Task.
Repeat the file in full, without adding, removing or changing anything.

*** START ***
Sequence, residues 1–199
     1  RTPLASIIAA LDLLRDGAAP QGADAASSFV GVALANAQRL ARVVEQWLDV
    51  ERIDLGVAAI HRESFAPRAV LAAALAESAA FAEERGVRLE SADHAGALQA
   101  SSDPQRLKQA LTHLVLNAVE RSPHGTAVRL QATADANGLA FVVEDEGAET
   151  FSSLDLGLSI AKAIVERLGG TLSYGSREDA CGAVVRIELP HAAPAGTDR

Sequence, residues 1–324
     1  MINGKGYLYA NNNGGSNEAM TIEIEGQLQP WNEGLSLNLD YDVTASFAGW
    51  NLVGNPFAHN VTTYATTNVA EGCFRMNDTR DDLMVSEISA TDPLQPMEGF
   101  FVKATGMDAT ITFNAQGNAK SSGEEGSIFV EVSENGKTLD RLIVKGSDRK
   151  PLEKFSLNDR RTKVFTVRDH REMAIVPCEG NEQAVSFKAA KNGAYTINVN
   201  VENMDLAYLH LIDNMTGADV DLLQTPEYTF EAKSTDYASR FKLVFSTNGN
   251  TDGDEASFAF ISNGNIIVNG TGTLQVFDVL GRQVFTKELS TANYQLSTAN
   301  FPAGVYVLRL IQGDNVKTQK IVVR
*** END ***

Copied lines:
Sequence, residues 1–199
     1  RTPLASIIAA LDLLRDGAAP QGADAASSFV GVALANAQRL ARVVEQWLDV
    51  ERIDLGVAAI HRESFAPRAV LAAALAESAA FAEERGVRLE SADHAGALQA
   101  SSDPQRLKQA LTHLVLNAVE RSPHGTAVRL QATADANGLA FVVEDEGAET
   151  FSSLDLGLSI AKAIVERLGG TLSYGSREDA CGAVVRIELP HAAPAGTDR

Sequence, residues 1–324
     1  MINGKGYLYA NNNGGSNEAM TIEIEGQLQP WNEGLSLNLD YDVTASFAGW
    51  NLVGNPFAHN VTTYATTNVA EGCFRMNDTR DDLMVSEISA TDPLQPMEGF
   101  FVKATGMDAT ITFNAQGNAK SSGEEGSIFV EVSENGKTLD RLIVKGSDRK
   151  PLEKFSLNDR RTKVFTVRDH REMAIVPCEG NEQAVSFKAA KNGAYTINVN
   201  VENMDLAYLH LIDNMTGADV DLLQTPEYTF EAKSTDYASR FKLVFSTNGN
   251  TDGDEASFAF ISNGNIIVNG TGTLQVFDVL GRQVFTKELS TANYQLSTAN
   301  FPAGVYVLRL IQGDNVKTQK IVVR